At the moment, we’ve got a commission of inquiry. That’s what we call it in our country. It’s an investigation body. But it’s busy dealing with what we call state capture, where certain individuals in certain companies sought to capture the state and perpetrate their corrupt activities. So it is investigating all that, and bringing it to the fore.
And thanks to the existence of a free press in our country, we’ve been able to benefit from their investigative journalism, which has brought all this to the fore. And with this, I think we’re going to be able to clean up our act as a country and move forward with greater determination, knowing that we’ve dealt with the problems that have debilitated growth in our country. Thank you.
ALTMAN: One last question from me before opening up to questions from the members. You’re also president of the ANC.
ALTMAN: Just say a word or two about the way you look upon the party, the standing of the party with the public, whether you intend to pursue serious reforms in terms of the party, and that question.—
RAMAPHOSA: The ANC was formed in 1912. It’s 106 years old, and has gone through moments of great growth and great glory. But it has also gone through moments of great weakness. We have just emerged from a conference, the 54th conference of the ANC, where I was elected, together with my colleagues, where the ANC admitted that over the past few years it had lost quite a lot of its positioning in the sense where it had become distant from the people, where people had lost confidence in it. And this was clearly demonstrated in the past elections that we had where the support of the ANC went down. And through that, it went through a cathartic moment of baring its chest and its soul to the people of our country. And at that conference it resolved that it must renew itself—in other words, clean up its act. It must unite itself, but it must also rid itself of corrupt activities, both inside the party and also in the government that we lead.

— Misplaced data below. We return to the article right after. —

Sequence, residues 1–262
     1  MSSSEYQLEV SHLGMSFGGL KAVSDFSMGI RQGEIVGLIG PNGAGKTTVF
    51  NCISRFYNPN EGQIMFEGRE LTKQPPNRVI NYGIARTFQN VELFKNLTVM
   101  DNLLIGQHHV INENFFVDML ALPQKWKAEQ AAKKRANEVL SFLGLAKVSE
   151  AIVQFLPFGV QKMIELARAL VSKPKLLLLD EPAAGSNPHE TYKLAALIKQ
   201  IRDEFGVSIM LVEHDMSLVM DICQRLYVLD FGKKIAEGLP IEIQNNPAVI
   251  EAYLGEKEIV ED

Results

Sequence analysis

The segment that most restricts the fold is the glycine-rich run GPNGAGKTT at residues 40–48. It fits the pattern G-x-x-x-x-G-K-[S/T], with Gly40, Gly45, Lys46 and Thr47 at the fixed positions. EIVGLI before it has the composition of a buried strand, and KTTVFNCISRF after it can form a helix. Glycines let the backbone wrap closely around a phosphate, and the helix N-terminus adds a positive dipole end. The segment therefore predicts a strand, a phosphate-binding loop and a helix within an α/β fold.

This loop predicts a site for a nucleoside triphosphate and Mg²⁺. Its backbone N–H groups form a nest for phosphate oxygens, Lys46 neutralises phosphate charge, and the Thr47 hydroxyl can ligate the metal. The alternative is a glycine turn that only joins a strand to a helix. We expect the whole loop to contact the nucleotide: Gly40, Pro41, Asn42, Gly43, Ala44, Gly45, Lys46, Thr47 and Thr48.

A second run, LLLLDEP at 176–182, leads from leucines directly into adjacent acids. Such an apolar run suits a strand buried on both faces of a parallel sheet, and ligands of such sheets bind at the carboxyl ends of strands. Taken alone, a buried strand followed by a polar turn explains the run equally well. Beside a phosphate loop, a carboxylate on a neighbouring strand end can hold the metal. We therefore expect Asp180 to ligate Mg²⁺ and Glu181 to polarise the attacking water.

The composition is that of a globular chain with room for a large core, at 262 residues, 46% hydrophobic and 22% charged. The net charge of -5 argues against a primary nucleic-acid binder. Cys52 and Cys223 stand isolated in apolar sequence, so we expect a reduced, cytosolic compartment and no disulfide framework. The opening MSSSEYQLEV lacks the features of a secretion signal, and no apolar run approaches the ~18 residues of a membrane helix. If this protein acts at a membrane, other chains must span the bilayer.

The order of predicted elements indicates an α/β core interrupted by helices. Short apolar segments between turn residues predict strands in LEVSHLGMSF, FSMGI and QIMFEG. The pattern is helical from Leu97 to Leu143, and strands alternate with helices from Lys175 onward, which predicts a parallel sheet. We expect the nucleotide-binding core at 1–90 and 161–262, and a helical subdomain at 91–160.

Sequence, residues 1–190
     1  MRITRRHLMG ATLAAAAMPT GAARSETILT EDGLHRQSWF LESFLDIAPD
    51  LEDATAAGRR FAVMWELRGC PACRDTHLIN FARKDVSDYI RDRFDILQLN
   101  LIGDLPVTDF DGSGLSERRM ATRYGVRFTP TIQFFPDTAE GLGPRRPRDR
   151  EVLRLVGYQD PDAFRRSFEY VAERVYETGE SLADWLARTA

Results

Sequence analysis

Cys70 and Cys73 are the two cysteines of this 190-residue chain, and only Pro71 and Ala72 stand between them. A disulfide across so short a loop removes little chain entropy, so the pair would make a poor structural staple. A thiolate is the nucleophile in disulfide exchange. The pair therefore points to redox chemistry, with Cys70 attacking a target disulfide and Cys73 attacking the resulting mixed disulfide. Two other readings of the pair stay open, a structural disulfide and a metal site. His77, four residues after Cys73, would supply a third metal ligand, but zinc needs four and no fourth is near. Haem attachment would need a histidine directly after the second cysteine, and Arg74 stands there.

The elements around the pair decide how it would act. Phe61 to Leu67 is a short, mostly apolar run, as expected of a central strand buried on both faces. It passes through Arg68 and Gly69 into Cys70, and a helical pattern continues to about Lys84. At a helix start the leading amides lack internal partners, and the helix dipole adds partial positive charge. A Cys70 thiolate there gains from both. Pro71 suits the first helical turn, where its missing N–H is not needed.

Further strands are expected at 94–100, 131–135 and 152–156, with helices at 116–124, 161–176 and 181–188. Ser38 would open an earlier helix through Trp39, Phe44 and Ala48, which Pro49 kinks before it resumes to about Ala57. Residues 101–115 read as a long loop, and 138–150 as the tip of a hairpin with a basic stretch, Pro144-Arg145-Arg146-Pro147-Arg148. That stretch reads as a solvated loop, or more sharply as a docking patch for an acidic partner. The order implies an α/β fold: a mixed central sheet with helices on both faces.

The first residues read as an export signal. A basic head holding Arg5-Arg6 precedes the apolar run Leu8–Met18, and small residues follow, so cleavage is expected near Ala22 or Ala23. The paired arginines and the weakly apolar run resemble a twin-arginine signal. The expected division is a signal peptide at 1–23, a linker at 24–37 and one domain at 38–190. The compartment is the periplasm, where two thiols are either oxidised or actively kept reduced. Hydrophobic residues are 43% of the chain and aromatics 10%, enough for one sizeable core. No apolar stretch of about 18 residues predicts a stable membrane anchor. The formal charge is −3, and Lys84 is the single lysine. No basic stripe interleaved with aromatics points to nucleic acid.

So that decision has become the lodestar for me, from a policy point of view, of what needs to be done in the ANC. We are now in the process of renewing ourselves. We’re also in the process of uniting the ANC. And naturally, after a conference, people—particularly where one candidate and a few others won, naturally there will always be moments where you still need to piece everyone together.
And this is where we are now. We’re continuously uniting our party, pulling everyone into what we call (“one call” ?) in South Africa, making sure that we look in the same direction. And that is beginning to bear fruit. And the party is renewing itself in the way that it functions, in the way that it finds ways of appealing to our people once again.
The spirit of renewal, of what we call the new dawn, is spreading in the country. And people are feeling a lot more enthusiastic about the ANC’s position. And those who had become disillusioned are coming back as individuals, but a number of other organizations that the ANC used to work with are also coming back. Religious organizations and many others are gravitating more and more towards the ANC once again.